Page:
Popular Teas from Friday AfternoonSee All 10 Teas
Recent Tasting Notes
This tea confused me. With its chocolate chunks, hazelnut and cinnamon, I was expecting a round, warm, spicy, mildly sweet dessert tea. And dry, it smelled as though that’s what it would be. Oddly, when I brewed it, it tasted like a fruit tea—chocolate with apples? I couldn’t quite put my finger on it. Thinking I’d accidentally steeped the wrong sample and got a fruit tea instead, I looked through my stash and verified that this was the one labeled “Snow Day.” The ingredients looked right. So I took it to a friend, wondering if my palette was a little funny. Also a non-smoker, foodie and tea-drinker, he smelled it, tasted, and replied, “Apricot? But you don’t like fruit teas.”
No, I don’t generally care for fruit tea, and, for whatever reason, since this comes across as one, I didn’t care for it. I imagine it was a combination of the sugar in the chocolate and the hazelnut that made it seem that way. I like my hazelnut toastier, nuttier, and my chocolate darker or unsweetened. I also am discovering that I don’t care for candy in my tea (chocolate, caramel, peppermints). I prefer the impressions of sweetness left by cocao husks, peppermint leaves or vanilla, to which I can add my own sweetener should I so choose.
However, I would expect people who do like sweets, candies, fruit teas, etc, to enjoy this as it was balanced and interesting.
Hmm. Well, I love Earl Grey teas, so I was looking forward to this in a big way. However, the overwhelming Bergamot flavor masked any subtlties (floral aromas, the warm nuttiness of rooibos). This tea tasted like orange oil. I thought perhaps a touch of milk would make it seem like a creamsicle, but it just tasted like dilluted orange oil. Not for me, I fear.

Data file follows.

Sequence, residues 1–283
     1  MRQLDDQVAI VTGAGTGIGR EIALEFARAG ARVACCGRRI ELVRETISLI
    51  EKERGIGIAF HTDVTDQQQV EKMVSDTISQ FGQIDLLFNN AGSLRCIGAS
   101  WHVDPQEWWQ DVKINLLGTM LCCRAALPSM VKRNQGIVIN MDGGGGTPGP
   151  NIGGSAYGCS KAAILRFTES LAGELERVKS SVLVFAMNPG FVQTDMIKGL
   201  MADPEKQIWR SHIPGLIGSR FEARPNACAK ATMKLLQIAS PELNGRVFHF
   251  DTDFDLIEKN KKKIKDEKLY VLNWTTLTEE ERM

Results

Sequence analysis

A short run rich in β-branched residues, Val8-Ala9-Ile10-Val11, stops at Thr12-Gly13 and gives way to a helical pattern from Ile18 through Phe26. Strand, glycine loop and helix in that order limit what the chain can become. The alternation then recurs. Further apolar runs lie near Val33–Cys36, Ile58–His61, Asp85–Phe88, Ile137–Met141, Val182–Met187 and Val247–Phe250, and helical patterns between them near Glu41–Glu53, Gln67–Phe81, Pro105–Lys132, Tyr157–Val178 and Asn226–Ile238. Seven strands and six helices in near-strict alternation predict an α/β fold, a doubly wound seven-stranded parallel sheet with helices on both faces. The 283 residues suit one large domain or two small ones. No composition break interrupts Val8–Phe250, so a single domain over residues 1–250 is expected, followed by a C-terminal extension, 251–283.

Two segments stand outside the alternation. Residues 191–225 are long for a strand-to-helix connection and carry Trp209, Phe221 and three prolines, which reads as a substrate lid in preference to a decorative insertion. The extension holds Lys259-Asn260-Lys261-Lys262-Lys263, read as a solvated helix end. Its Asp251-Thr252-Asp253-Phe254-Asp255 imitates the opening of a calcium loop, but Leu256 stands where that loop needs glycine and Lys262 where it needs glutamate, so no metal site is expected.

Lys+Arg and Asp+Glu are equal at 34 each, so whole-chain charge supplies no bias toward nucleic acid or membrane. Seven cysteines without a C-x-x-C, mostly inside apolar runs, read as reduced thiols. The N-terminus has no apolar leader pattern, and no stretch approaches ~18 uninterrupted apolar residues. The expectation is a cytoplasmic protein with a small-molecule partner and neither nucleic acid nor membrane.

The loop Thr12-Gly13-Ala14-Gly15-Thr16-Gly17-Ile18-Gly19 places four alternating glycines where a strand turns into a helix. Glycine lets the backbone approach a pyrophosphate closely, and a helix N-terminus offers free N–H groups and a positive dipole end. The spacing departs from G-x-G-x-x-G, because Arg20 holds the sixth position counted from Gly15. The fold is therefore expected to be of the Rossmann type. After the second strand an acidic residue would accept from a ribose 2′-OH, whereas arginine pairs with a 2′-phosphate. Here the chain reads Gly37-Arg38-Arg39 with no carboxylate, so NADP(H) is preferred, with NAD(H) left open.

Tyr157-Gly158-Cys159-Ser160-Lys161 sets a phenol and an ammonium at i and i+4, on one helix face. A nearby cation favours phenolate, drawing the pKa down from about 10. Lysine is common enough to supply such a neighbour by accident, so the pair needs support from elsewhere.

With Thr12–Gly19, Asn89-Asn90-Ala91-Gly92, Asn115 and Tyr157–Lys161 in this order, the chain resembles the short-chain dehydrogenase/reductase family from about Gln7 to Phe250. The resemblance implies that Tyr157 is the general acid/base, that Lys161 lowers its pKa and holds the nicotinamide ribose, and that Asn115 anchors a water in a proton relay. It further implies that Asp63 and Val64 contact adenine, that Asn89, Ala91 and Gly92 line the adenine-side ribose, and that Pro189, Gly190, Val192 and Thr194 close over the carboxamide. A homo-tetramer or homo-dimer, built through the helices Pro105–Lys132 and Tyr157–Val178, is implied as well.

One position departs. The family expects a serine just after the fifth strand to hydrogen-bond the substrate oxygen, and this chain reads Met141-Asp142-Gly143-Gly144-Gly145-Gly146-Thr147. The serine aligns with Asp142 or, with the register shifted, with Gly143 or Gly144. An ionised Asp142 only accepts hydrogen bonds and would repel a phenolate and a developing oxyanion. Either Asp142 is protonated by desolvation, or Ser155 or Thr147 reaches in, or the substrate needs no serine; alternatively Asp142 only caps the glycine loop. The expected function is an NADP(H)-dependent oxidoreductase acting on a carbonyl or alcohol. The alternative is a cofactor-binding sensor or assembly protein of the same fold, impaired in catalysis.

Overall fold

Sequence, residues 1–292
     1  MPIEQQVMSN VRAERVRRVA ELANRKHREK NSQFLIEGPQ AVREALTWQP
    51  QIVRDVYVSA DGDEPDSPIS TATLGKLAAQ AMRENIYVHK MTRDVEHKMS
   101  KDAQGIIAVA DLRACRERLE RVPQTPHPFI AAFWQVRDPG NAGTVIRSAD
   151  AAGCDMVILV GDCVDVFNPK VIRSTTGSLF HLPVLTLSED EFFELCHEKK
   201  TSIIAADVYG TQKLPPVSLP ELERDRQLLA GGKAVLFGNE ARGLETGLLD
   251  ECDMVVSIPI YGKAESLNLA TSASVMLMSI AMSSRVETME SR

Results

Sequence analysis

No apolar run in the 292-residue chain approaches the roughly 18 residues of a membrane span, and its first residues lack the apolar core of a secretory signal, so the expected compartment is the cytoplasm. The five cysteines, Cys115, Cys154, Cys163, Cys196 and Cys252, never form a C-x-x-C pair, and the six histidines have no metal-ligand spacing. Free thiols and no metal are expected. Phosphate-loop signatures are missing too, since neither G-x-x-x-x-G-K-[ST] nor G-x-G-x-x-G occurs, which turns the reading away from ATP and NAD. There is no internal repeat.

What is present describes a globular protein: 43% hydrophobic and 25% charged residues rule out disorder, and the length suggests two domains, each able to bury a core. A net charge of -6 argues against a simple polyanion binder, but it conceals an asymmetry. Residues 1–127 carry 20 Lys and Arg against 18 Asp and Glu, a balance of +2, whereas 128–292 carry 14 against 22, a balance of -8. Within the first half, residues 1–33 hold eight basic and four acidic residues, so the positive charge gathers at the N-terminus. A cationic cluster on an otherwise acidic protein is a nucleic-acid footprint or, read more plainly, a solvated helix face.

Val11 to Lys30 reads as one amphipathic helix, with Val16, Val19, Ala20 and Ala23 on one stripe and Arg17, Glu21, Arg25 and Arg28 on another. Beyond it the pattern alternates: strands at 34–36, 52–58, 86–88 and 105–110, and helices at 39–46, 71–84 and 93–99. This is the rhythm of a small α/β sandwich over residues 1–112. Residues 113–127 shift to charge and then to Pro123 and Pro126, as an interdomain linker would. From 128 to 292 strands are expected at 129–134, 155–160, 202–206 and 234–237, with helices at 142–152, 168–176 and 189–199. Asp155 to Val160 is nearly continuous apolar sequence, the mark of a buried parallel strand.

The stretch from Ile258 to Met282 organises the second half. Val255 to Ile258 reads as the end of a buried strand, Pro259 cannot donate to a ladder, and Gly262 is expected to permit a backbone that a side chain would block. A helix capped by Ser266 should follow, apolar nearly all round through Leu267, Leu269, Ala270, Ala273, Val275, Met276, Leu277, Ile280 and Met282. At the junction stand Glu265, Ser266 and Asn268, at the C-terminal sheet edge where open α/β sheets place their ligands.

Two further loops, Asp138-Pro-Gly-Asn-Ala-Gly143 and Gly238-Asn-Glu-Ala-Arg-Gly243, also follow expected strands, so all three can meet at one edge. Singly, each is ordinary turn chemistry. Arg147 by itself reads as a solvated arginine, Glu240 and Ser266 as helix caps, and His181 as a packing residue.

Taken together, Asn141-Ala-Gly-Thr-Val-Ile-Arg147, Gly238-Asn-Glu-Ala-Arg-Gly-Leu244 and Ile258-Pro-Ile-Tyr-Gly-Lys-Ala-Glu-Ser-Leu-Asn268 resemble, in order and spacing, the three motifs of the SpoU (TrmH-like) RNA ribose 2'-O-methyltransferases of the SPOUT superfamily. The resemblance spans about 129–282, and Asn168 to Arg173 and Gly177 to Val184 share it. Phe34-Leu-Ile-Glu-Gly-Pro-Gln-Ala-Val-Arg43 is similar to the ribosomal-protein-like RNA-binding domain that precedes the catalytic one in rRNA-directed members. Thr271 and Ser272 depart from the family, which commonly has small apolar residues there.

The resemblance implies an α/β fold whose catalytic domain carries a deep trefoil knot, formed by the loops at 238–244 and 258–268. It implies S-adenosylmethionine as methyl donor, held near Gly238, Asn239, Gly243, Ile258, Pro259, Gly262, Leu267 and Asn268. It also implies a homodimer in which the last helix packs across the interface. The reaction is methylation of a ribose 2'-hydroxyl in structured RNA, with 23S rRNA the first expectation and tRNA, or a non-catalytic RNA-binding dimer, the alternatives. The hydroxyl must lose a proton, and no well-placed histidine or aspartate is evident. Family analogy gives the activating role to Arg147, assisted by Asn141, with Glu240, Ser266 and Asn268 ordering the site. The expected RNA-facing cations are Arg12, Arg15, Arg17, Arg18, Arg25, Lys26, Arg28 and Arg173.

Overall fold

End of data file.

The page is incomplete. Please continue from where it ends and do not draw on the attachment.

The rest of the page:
A lot of faux-Earls can either be on the generous end of “Suck”, or the receiving end of “Superb”. This falls squarely in the latter category. From sniff to sip, bergamot is the frontrunner, as it should be with any Earl. However, it’s more citrus than dry, which compliments the nut-sweet rooibos base. (And it does show up somewhere in the palate.) An awesome evening “h-Earl-bal”.
I like rooibos. I like chamomile. I…uh…have to be in the mood for peppermint. These don’t quite mesh here. Rooibos and chamomile “could” work well together, but only if the former was the green/un-fermented form. Peppermint…is un-blendable. Nothing goes with it. Perhaps that’s just my subjective palate talking, but the only things I’ve found that work with it are other mints and (maybe) lemony herbs; none of which were on display here. I approved of this for the most part, but it’s not something I would devote my sleepy time to on a regular basis.
Not a whole lot to say about this one. It’s a Ceylon with vanilla flavoring. The dry scent is all vanilla bean, the wet…same. Taste-wise, it’s like liking a French vanilla-creamed carnation. Not that appetizing an analogy? Well, it’s the only one I’ve got. A very decent desserty black blend.
Still new to the world of Assam teas. Aside from “MALT!”, I usually fail to find nuances. Although, some have varied in their floral or astringent leans. This one reminded me of a Yunnan black in its caramel and honey-like taste. Sure, it was robust, malty, earthy…yadda-yadda…but there was something more to it. A bit of character beyond its caricature. Third best Assam I’ve tried to date.
This has the look and smell of a guilty pleasure tea. It had actual dark chocolate chunks in it. I know, I ate one. I knew I should’ve expected more on delivery given that it had a Ceylon for a base. This brewed up a light amber-to-brown with a tangy, tiramisu-like nose. The taste was creamy and floral on initial sip, somewhat spicy in the middle, and chocolate sort of rounded out the middle. Not sure where the hazelnut went, it probably contributed to the tang on the forefront. Lighter than most cocoa cups I’ve had, but still quite pleasurable – whatever the weather.